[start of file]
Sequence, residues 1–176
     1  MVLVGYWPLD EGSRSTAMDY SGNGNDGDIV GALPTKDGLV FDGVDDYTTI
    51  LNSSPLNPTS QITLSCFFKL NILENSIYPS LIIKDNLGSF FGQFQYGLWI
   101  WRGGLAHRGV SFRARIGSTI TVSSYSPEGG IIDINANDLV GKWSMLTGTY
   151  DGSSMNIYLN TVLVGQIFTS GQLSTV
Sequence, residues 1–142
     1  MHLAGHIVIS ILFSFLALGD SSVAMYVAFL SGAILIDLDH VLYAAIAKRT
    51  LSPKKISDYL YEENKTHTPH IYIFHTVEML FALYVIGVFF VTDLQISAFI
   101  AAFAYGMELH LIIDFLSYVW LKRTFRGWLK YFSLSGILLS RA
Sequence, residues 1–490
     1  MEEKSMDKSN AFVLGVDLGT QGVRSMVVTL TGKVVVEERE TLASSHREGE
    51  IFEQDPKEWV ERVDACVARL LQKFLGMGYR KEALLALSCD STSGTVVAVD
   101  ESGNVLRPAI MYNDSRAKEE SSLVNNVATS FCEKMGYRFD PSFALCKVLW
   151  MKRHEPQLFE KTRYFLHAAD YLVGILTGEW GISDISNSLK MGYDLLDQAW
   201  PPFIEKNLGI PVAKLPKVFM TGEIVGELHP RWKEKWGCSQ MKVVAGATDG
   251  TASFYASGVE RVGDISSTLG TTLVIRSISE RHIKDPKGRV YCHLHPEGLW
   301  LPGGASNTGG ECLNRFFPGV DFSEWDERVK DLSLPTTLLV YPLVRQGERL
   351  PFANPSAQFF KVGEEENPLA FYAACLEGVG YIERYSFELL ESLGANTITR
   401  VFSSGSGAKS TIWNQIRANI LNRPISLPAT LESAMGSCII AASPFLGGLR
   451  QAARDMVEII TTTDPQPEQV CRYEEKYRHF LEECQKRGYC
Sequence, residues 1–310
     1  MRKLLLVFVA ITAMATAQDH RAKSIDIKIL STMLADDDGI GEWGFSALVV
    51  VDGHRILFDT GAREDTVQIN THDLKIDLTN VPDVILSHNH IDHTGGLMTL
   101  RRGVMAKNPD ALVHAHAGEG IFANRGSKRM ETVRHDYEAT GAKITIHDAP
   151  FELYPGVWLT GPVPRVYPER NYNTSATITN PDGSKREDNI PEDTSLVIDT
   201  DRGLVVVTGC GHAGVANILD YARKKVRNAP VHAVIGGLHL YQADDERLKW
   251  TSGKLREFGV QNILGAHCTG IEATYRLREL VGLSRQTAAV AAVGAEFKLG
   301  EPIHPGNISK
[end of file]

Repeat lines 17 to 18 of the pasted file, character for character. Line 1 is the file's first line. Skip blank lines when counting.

   301  LPGGASNTGG ECLNRFFPGV DFSEWDERVK DLSLPTTLLV YPLVRQGERL
   351  PFANPSAQFF KVGEEENPLA FYAACLEGVG YIERYSFELL ESLGANTITR